[Yei, South Sudan, TCT]13,584 pupils of Kanjoro Primary School are sitting for their primary eight final examinations in South Sudan’s Central Equatoria State, the Ministry of Education, Science and Technology has announced. Speaking to candidates after ringing the bell in Kanjoro, the state Minister of Education Clement Marring Samuel said pupils in Yei are starting their examinations. He expressed his excitement that this particular school is taking exams, saying, "It is the first time that the Ministry of Education is ringing the bell in this school. That’s why I’m happy, because all the pupils are shining and they are ready for the exams”, he said. Minister Marring rang the bell for the start of the exams at the school to signal the launch of the first five days exams paper. He said the accelerated learning pupils are also included in the overall number. In Yei River County alone, 3,435 primary eight candidates, comprised of 1,221 females and 2,214 males, are sitting in 28 centers, according to Philip Taban Issa, the county education director. “And it has increased. In one of the centres, Kanjoro Primary school, we have three schools plus adult literacy schools”, he added. County Commissioner Samuel Henry Malimu encouraged the candidates to work hard and face the examinations with confidence. “I want to thank the county and municipality authorities for providing good security for you to conduct these examples. I believe this is going to be the system all over the county, even in the remote places, the security is going to be provide until the exams are done”, he said. Colonel Jeremiah Maker Nai, the county Police Commissioner, said the security situation in the county is stable and candidates will continue sitting their final exams in peace. “There is nothing to worry about. I want to confirm to you that the security situation is good. If there is something, we are ready”, said Nai.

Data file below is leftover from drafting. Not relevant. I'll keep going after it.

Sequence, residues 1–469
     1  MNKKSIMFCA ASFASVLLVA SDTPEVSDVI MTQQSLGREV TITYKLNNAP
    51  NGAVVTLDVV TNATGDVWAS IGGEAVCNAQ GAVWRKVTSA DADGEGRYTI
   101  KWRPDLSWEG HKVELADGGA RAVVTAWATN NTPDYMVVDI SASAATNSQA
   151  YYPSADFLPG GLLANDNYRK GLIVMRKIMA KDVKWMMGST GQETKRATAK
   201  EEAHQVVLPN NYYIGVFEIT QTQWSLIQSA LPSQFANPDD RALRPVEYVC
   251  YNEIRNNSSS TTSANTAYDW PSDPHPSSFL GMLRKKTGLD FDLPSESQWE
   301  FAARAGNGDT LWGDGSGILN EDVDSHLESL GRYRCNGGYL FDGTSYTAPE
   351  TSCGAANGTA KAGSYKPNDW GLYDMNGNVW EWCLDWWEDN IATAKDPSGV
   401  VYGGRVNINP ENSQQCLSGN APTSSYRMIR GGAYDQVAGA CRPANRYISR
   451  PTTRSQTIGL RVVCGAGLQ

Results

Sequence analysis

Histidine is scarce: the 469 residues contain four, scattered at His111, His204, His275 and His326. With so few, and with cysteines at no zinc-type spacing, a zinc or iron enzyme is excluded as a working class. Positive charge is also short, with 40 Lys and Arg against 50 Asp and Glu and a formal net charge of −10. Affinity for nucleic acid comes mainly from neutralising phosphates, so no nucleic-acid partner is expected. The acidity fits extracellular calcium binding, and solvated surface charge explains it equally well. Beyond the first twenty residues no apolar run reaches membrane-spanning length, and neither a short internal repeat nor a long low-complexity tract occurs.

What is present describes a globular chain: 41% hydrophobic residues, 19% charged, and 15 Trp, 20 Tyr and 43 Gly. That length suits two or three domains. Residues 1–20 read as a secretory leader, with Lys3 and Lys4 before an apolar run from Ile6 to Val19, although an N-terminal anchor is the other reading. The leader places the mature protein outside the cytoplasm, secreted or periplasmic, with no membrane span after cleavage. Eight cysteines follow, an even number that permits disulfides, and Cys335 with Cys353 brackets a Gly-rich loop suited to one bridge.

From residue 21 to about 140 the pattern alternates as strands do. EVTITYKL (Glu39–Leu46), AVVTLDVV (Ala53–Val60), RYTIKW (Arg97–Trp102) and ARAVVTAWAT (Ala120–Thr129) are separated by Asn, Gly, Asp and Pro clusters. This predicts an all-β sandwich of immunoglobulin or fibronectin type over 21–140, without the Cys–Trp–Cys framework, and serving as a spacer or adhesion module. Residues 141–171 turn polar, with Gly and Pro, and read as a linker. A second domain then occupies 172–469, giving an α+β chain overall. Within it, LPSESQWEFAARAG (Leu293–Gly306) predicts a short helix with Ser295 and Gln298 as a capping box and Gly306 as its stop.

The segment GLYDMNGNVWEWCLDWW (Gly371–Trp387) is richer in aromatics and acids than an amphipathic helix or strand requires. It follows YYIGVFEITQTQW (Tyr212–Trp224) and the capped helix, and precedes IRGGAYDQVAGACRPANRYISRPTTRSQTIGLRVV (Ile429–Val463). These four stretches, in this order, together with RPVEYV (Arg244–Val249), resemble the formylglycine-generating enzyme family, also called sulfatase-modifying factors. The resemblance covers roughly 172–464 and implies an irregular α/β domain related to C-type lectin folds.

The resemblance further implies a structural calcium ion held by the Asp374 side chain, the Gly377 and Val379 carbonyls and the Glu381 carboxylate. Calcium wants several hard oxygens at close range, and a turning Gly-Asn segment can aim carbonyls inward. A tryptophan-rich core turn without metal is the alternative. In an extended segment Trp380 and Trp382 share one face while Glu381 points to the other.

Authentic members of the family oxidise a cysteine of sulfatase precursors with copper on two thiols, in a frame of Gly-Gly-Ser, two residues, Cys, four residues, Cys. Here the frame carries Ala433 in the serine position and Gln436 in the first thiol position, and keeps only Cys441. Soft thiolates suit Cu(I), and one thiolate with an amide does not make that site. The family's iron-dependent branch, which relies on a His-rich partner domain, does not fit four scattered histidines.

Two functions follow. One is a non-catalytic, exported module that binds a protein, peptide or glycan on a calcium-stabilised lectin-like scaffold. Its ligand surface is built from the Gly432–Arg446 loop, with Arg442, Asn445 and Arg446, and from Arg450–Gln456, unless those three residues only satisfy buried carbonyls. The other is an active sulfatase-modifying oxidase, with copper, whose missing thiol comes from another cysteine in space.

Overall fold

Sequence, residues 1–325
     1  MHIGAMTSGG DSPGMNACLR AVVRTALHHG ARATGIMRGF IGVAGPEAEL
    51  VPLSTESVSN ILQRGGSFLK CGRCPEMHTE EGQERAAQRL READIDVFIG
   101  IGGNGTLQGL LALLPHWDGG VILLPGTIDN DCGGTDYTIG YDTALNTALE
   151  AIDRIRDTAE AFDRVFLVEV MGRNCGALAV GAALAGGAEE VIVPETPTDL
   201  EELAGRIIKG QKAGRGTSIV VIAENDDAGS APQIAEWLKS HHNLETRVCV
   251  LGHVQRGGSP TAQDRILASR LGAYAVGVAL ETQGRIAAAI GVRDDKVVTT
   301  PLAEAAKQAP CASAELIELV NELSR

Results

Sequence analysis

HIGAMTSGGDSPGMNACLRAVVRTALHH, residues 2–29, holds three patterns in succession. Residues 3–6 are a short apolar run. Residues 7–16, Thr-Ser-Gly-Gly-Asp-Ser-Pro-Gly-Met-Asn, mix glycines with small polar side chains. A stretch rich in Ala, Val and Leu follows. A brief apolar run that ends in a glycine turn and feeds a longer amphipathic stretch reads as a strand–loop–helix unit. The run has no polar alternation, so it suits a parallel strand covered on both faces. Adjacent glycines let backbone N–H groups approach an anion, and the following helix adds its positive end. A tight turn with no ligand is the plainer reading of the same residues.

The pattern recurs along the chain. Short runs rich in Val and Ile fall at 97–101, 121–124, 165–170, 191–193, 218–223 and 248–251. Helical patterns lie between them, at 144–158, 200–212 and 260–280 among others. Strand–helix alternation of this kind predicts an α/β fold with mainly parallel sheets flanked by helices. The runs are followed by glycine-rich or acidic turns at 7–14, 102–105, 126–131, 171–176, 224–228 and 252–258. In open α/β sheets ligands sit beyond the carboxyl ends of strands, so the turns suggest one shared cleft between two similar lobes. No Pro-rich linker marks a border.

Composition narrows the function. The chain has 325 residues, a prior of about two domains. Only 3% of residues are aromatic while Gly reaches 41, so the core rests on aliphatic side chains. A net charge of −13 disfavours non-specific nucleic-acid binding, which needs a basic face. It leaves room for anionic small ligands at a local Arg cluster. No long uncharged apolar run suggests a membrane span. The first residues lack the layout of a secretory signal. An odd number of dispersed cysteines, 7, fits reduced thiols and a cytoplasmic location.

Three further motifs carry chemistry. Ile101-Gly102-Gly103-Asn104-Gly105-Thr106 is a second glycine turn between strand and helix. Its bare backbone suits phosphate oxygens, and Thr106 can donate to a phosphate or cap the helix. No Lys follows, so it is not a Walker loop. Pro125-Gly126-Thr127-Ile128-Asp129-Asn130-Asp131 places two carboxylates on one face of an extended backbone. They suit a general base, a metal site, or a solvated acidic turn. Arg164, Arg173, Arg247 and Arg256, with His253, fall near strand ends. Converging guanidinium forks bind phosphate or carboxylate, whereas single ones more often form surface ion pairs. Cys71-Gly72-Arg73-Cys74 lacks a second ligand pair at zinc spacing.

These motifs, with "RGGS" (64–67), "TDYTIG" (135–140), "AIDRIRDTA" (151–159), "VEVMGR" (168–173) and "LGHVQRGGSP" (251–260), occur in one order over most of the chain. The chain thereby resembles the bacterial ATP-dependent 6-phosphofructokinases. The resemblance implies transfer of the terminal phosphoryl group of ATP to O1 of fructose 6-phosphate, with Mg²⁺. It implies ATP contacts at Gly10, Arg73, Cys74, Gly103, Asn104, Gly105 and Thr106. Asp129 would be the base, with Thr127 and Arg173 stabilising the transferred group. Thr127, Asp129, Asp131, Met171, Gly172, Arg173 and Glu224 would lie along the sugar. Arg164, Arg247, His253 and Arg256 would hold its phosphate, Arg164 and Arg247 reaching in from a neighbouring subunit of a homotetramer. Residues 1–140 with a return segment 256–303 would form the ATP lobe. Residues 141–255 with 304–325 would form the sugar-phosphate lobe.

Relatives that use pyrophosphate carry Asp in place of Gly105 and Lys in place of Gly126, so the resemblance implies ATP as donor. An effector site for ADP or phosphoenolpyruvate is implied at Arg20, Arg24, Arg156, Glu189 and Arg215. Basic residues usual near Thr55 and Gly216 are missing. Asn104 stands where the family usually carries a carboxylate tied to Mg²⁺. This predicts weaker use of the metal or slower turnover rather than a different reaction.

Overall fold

[Yei, South Sudan] Two primary one kids in Yei, Central Equatoria State are writing their final examinations with legs chained and padlocked as form of disciplinary action imposed on them by the father. The two boys aged 7 and 9, who are studying at St Paul Primary School in Yei, have been padlocked and chained by the father at night. According to the mother of the kids, Victoria S., she said, the father charged the kids of being naughty, and reporting home late as well as not attending classes when sent to school. The mother also confirmed that the children do not reach to school when send to school. “They come home late. So he chained them so that they will listen”, said Victoria the mother of five. The mother reported that the father entered through a window at night into the house where the children were sleeping, chained and padlocked them thinking it could be an alternative solution of disciplining the children. The mother also described that the father had earlier beaten the children, beating them with bicycle padlock which inflicted wounds on their bodies of these kids. But she reported it to the school administration so that a solution may be found. Lomuja Moses Joseph, the Head Teacher of St Paul Primary School, said the incident was the first of its kind in the school, however, he intervene as the children were given unfair punishment. “We discussed with these parents earlier and sent them home warning them that, canning will not be a solution to these children. It is actually the first of its kind to see these kind of incidents”, he told TCT at the school on Friday. According to the head teacher, the school administration and parents had lengthy discussions on the situation of the children with the parents accepting to change mentality of treating the children badly. He called on parents to cease from corporal punishment against children, pleading to the local government to ‘take action’. The head teacher also disclosed other incidents which have happened to other children. He said he was informed about a parent who punished his child by using heated fork spoon and pressed it on the chest. The head teacher also said, a soldier by profession went to the school and asked for permission to let him kill his child claiming his child was difficult to discipline. According to subsection (f) in section 1 of article 17 of the South Sudan Transitional Constitution 2011, “every child has the right to be free from corporal punishment and cruel and inhuman treatment by any person including parents, school administrations and other institutions.” The Inspector of Gender and Social Welfare in Yei Municipality, Juma Denis Daniel, warned the parents to face legal action, should they fail to set the children free to avoid continuous violation of their rights. He described the incident inflicted against the two children as a “complete mistreatment of children and denial of child rights to other entitled rights” including right to feeding, freedom and protection. The government officer warned after meeting the school administration and the parent at the school and called for collective responsibility of the government, community to tackle abuses against children rights. “Corporal punishment and cruelty against children would lead to psychological torture”, he said. The two children attend primary one class along with other 58 pupils. There are 380 pupils at St. Paul’s Primary School altogether. Efforts to reach the accused father for comments on the accusation was unsuccessful.

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